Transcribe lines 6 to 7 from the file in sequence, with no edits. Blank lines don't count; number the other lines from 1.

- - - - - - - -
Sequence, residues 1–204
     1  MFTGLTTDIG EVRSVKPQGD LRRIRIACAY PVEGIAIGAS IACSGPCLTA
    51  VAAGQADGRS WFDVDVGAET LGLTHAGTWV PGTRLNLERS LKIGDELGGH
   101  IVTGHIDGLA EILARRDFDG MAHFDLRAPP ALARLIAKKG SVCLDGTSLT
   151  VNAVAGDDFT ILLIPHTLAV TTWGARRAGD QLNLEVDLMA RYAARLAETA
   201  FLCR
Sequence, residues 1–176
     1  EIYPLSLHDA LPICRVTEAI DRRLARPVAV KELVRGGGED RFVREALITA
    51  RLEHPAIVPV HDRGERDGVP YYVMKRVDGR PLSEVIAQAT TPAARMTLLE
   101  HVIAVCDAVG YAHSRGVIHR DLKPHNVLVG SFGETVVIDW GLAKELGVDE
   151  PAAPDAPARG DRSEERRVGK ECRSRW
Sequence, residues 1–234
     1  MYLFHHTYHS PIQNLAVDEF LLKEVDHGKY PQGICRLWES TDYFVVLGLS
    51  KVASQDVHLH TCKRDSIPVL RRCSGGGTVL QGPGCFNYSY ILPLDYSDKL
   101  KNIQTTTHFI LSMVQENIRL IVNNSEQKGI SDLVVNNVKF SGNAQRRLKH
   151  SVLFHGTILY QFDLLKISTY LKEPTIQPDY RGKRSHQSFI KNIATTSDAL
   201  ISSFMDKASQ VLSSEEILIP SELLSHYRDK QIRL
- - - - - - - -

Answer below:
   201  FLCR
Sequence, residues 1–176